Would you rather lose like Bouchard or Federer?

How would you rather lose?


  • Total voters
    46

TeamOB

Professional
If you were to lose a grand slam final, how would you prefer it to happen: getting destroyed by a GOATing opponent or losing an epic 5 setter that you had chances to win? I would rather be destroyed by someone playing the match of their life. It would be much easier to accept and live with the loss since I would know I had no chance. Bouchard definitely realizes that there was no way in hell she could have beaten Kvitova on that day. Kvitova was just playing too well. Fed, on the other hand, has to live with the regret of blowing a very winnable 5th set in what was probably his last chance to win a slam. How would you rather lose?
 
Losing an epic 5-setter would be more painful but obviously that's what I'd rather in the long run. Who wants to get destroyed like Bouchard did??

Although, with the right mindset, getting destroyed can be good for you. A good player with the right attitude will vow to never to never be embarrassed like that again.

Not the best example because he wasn't exactly destroyed, but think Pete Sampras vs Stefan Edberg after the 1992 US Open final. Pete became a 14 time Slam champion and never looked back.
 

tennisaddict

Bionic Poster
Tenets of TTW :

(1) Early round loss is better than final rounds as it shows lack of mental strength when dealing with adversity.

(2) Losing in straights is better than choking in the fifth.

(3) Better off to losing to juniors than your contemporaries.
 

Mainad

Bionic Poster
Either is going to be painful, but I'd much rather lose like Federer. At least it would prove that I had been in with a real chance and it would give me hope and encouragement for the future!

Losing like Bouchard can be dispiriting. It would mean that I had still to prove I could perform on the biggest stages against the best players!
 

dirtballer

Professional
When you lose a tight match, you're very close to being where you want to be and you only have to make small improvements. When you get crushed, you're nowhere near where you need to be and must make many improvements.
 

TeamOB

Professional
When you lose a tight match, you're very close to being where you want to be and you only have to make small improvements. When you get crushed, you're nowhere near where you need to be and must make many improvements.
I don't really think Bouchard has to improve all that much. She just got unlucky that Kvitova happened to play frickin amazing that whole match. Everyone knows that Petra will probably never play like that again. If Kvitova had played at her average level, Bouchard would have actually had a decent chance.
 

BGod

Legend
In my experience it's easier to forget a drubbing than it is to forget opportunities for victory.
 

Sysyphus

Talk Tennis Guru
I actually think this is a great and difficult question.
I have no know how i'd rather lose, as I see the pros and cons with both.
When you are close to winning, obviously you can take pride in that, but it will hurt much more and nag your mind much longer.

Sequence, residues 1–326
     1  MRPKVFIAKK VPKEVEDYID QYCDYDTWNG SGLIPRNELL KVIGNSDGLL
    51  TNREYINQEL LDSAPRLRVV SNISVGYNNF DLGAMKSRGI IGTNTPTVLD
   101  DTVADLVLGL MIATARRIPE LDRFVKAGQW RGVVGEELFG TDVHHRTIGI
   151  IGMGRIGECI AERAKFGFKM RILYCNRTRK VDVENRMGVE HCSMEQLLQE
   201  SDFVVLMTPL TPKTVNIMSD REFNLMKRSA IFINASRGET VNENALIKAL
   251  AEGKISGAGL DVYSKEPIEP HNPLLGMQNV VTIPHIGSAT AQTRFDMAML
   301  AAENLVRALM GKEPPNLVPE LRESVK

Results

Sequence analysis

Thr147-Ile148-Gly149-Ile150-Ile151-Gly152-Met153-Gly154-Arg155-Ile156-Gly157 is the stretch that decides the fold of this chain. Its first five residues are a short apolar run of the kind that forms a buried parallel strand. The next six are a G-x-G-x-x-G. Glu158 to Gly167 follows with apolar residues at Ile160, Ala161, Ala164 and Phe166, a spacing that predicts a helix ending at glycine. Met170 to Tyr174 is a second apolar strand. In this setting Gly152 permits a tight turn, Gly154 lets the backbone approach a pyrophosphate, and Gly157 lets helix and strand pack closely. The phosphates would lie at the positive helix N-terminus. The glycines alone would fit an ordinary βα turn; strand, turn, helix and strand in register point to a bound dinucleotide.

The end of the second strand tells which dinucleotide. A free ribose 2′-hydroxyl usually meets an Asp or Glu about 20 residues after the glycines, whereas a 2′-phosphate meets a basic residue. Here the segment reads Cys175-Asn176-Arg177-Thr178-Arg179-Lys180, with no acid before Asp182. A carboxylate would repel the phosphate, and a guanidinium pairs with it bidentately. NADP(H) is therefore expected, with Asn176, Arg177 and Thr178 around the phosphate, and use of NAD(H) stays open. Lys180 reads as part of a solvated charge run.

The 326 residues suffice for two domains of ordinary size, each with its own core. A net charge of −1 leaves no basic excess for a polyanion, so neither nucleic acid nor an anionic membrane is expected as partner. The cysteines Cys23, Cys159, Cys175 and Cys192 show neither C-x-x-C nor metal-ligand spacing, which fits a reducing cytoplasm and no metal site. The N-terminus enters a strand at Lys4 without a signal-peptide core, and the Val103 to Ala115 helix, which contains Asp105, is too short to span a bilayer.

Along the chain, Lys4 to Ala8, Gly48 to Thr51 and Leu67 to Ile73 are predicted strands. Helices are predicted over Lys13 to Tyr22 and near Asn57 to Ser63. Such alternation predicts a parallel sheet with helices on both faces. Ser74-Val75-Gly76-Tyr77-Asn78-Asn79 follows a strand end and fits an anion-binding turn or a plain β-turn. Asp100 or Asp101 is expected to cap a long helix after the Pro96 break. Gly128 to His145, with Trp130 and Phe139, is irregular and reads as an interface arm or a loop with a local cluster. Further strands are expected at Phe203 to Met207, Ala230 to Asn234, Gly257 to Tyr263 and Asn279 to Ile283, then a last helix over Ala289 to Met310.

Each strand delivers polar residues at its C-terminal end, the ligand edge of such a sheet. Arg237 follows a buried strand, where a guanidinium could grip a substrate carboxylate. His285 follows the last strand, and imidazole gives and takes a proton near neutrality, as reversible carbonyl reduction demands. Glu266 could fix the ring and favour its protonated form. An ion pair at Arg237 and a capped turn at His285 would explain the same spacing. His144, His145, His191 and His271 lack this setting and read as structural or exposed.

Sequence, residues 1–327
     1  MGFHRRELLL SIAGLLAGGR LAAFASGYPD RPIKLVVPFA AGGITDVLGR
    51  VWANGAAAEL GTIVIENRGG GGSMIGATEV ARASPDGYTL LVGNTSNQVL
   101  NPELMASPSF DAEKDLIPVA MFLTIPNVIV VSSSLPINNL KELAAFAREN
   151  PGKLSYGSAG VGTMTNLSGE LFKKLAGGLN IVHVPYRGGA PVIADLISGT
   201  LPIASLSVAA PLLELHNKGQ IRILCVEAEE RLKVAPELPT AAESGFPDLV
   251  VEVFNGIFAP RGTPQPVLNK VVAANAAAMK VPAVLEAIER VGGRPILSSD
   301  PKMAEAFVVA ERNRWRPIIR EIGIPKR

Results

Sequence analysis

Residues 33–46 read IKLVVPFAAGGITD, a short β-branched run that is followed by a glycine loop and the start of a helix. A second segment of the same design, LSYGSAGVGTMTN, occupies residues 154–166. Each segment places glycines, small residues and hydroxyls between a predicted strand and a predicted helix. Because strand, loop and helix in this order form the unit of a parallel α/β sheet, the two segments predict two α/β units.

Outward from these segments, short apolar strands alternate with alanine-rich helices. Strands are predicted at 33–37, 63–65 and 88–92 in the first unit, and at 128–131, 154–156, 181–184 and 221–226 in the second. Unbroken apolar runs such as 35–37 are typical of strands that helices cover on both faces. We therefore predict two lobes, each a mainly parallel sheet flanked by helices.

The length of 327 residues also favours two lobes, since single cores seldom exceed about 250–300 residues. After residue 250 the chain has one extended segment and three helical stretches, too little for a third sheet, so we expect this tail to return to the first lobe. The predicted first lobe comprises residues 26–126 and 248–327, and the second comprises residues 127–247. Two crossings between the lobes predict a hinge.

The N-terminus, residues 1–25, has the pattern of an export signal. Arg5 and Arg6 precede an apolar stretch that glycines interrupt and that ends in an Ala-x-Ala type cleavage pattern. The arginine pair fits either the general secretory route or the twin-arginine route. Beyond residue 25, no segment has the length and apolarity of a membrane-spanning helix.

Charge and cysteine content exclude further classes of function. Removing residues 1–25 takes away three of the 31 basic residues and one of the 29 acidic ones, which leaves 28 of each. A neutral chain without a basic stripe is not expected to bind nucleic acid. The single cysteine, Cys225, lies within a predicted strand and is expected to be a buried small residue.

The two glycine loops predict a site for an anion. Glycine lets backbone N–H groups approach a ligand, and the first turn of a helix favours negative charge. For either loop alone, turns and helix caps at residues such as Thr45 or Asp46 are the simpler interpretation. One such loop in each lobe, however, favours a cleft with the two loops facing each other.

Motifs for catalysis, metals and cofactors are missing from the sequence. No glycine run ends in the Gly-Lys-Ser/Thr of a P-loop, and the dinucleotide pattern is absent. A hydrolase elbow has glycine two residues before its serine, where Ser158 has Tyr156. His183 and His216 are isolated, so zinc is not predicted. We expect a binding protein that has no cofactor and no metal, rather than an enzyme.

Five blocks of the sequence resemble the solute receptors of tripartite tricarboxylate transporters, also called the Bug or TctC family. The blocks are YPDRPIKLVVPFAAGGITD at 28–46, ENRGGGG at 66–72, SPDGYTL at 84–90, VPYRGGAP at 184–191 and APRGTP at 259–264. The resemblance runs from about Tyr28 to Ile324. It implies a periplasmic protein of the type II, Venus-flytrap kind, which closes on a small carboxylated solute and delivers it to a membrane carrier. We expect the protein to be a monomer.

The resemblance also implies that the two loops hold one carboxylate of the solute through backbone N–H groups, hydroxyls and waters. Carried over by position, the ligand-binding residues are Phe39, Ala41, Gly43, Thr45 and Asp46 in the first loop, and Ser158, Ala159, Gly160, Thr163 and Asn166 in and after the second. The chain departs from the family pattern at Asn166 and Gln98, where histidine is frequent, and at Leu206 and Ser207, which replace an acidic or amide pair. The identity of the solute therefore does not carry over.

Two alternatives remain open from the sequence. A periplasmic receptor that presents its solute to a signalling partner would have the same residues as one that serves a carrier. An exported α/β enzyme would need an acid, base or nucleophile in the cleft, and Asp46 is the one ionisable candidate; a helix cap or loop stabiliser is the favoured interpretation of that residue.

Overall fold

BGod

Legend
When you lose a tight match, you're very close to being where you want to be and you only have to make small improvements. When you get crushed, you're nowhere near where you need to be and must make many improvements.
When you lose a tight match, it often means you need to work on the mental aspect which is hard to improve.

When you get throttled it usually means you need to just practice.
 
of course lose a tight match. anyone who claims otherwise has never played competitive tennis. getting creamed is a terrible feeling.
 

Backspin1183

G.O.A.T.
Losing in epic 5 setter like Federer. It would be painful for sure. But I'd also look at my opponent like 'look! You got lucky today. Next time, my friend, next time!'
 

BGod

Legend
of course lose a tight match. anyone who claims otherwise has never played competitive tennis. getting creamed is a terrible feeling.
I don't like these comments much. If you play 10 matches in a month's span and get throttled in 3 of them, win 6 and lose 1 after multiple chances, all things equal the 1 will stick with you longer.

Also, as an embarrassing as it is to get beat badly in an early round of a tournament, it fades quick as oppose to losing a tight final.
 

TeamOB

Professional
of course lose a tight match. anyone who claims otherwise has never played competitive tennis. getting creamed is a terrible feeling.
Getting creamed is not always a terrible feeling. One of the best matches I remember having was at a tournament against one of my buddies. I typically play close matches with him, but on that particular day he was just in an untouchable mode. I was actually playing well, but nothing I hit was giving him trouble. He was getting to everything with seemingly all the time in the world and just placing the ball anywhere he wanted. Even when I hit the ball a foot from the corner, he would still get there and hit an effortless DTL winner. I could do nothing but watch him hit winners at will and destroy me 6-1 6-1. After the match I wasn't even upset. I just shook his hand and said: "Dude, that was amazing! I'm glad I got to see it!" I never saw him play at a similar level again, but that one match was pretty darn impressive.